Source: Hannah Bleau
New York Attorney General Letitia James (D) announced on Tuesday that Gov. Andrew Cuomo (D) sexually harassed current and former state employees, violating both federal and state law, as determined by the months-long investigation.
“The independent investigation has concluded that Governor Andrew Cuomo sexually harassed multiple women and in doing so violated federal and state law,” James announced on Tuesday.
The investigation found that the governor specifically “sexually harassed current and former New York State employees by engaging in unwelcome and nonconsensual touching and making numerous offensive comments of a suggestive and sexual nature that created a hostile work environment for women.”
The investigators, the attorney general continued, independently “corroborated and substantiated” the facts through interviews, evidence, including contemporaneous notes and communications, which will be made available to the public:
The probe included interviews with 179 people and over 74,000 pieces of evidence:
“These interviews and pieces of evidence revealed a deeply disturbing yet clear picture: Governor Cuomo sexually harassed current and former state employees, federal and state laws,” James continued. “The independent investigation found that Governor Cuomo sexually harassed multiple women, many of whom were young women.”
The harassment included “unwanted groping, kisses, hugging, and by making inappropriate comments.”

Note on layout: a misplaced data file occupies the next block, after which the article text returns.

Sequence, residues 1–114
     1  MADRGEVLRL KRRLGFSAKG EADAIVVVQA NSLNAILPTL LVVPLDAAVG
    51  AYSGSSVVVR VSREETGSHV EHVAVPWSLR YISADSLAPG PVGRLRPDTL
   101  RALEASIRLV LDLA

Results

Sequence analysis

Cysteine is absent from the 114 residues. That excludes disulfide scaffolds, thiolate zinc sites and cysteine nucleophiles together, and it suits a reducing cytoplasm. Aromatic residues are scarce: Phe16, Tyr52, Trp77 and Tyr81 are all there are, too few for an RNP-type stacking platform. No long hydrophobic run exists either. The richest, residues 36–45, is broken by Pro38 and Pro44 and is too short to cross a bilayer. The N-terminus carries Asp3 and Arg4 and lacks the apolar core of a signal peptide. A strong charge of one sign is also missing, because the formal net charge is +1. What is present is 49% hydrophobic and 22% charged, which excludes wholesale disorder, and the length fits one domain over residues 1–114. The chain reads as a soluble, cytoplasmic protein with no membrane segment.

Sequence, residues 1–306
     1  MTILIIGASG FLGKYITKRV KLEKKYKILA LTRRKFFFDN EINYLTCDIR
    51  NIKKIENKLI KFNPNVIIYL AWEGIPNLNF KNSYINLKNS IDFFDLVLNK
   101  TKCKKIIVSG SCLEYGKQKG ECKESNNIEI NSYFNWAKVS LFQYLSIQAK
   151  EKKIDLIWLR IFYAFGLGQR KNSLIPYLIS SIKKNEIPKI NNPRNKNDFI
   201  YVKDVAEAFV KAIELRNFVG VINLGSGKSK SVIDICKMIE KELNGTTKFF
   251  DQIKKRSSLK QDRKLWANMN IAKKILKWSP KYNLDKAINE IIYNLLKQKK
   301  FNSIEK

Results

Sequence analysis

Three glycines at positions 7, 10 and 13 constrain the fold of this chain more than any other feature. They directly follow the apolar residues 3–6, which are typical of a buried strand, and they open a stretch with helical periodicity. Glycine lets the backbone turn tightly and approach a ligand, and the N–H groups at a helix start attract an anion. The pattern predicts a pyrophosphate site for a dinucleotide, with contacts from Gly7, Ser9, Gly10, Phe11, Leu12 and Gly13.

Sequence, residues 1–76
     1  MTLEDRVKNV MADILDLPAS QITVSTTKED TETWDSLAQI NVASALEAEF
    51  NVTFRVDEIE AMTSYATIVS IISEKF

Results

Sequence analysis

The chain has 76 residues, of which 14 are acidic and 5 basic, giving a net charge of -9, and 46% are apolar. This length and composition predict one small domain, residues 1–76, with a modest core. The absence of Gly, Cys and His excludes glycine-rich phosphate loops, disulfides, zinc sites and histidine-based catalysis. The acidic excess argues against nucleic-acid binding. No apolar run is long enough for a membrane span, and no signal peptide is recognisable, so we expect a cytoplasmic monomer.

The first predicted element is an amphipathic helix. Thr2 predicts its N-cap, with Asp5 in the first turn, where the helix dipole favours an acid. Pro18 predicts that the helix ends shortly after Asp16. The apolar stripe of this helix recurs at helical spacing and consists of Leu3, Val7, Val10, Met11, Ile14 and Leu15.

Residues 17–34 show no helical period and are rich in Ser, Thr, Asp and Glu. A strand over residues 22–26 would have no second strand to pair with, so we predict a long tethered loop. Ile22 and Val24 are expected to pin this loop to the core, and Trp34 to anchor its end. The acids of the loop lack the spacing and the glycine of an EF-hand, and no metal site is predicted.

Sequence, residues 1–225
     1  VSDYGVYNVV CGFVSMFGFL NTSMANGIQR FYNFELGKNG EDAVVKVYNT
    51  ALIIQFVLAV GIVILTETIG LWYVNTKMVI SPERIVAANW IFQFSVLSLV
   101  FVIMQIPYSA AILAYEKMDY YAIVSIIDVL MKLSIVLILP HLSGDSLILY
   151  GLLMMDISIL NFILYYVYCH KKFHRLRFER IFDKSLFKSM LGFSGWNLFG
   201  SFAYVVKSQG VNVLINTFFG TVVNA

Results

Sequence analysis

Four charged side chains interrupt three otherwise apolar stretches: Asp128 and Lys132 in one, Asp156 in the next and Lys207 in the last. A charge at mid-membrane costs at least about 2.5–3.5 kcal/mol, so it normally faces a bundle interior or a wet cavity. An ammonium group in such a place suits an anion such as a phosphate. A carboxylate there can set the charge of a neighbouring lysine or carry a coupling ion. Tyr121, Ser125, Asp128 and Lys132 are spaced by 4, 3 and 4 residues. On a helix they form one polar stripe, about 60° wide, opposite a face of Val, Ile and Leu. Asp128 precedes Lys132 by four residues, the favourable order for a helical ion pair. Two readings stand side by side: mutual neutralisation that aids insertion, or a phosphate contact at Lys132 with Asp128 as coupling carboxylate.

The investigation determined that Cuomo and his senior team, on at least one occasion, actively worked to retaliate against a former employee after she stepped forward.
Cuomo’s administration, James said, “fostered a toxic workplace that enabled harassment and created a hostile work environment where staffers did not feel comfortable coming forward with complaints about sexual harassment due to a climate of fear.”
The findings follow months of Cuomo facing mounting allegations of sexual harassment, which he vehemently denied.
“The report can’t say anything different, because I didn’t do anything wrong,” Cuomo said in April, referring to James’ inquiry.
In February, Cuomo denied accusations of inappropriately touching anyone and said he “never propositioned anybody and I never intended to make anyone feel uncomfortable.”
“I now understand that my interactions may have been insensitive or too personal and that some of my comments, given my position, made others feel in ways I never intended,” he continued
“I acknowledge some of the things I have said have been misinterpreted as an unwanted flirtation. To the extent anyone felt that way, I am truly sorry about that,” he added.